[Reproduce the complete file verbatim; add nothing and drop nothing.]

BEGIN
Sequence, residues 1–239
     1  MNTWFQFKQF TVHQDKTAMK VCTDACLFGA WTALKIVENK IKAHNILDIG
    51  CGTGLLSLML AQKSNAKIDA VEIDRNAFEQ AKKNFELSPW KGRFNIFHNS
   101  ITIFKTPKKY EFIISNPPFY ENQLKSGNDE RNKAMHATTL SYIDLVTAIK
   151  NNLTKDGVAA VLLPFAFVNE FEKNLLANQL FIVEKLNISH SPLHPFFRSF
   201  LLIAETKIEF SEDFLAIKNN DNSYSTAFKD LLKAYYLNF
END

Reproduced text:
Sequence, residues 1–239
     1  MNTWFQFKQF TVHQDKTAMK VCTDACLFGA WTALKIVENK IKAHNILDIG
    51  CGTGLLSLML AQKSNAKIDA VEIDRNAFEQ AKKNFELSPW KGRFNIFHNS
   101  ITIFKTPKKY EFIISNPPFY ENQLKSGNDE RNKAMHATTL SYIDLVTAIK
   151  NNLTKDGVAA VLLPFAFVNE FEKNLLANQL FIVEKLNISH SPLHPFFRSF
   201  LLIAETKIEF SEDFLAIKNN DNSYSTAFKD LLKAYYLNF